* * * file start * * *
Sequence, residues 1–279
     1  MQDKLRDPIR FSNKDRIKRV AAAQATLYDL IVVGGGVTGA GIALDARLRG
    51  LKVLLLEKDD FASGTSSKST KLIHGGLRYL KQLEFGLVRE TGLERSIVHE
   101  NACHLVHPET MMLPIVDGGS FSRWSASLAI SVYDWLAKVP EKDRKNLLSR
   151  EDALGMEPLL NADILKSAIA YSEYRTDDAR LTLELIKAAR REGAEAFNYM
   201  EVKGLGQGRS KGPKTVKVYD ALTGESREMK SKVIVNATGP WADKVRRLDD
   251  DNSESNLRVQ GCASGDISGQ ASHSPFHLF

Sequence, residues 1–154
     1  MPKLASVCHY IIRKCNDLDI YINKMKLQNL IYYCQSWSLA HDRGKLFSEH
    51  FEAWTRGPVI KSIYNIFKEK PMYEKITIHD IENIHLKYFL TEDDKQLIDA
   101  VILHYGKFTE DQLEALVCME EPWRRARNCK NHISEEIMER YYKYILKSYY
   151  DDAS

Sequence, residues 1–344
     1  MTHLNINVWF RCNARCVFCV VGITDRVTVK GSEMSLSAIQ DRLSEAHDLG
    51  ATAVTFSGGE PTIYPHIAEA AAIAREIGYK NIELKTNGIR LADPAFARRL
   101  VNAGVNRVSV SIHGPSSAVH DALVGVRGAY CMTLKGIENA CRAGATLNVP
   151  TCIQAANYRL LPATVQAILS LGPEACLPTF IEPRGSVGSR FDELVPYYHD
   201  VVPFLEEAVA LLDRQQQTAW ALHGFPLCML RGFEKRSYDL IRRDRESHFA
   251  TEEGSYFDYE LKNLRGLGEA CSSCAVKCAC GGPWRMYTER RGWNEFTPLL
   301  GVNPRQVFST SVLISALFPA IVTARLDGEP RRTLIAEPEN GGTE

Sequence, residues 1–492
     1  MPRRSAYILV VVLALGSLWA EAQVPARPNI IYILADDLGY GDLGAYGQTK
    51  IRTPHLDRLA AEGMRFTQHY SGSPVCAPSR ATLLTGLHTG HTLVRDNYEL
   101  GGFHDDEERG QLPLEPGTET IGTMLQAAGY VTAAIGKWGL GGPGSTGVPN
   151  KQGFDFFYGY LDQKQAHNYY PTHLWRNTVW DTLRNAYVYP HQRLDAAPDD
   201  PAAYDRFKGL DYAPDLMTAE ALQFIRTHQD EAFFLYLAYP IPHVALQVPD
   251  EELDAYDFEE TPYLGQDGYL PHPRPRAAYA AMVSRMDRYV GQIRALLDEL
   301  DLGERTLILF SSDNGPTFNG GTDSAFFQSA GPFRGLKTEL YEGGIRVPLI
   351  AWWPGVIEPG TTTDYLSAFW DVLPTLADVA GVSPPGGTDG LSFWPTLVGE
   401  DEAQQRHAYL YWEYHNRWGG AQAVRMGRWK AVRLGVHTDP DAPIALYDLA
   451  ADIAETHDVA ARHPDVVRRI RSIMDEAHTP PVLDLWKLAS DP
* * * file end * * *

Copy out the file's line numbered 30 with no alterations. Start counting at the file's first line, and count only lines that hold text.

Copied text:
   401  DEAQQRHAYL YWEYHNRWGG AQAVRMGRWK AVRLGVHTDP DAPIALYDLA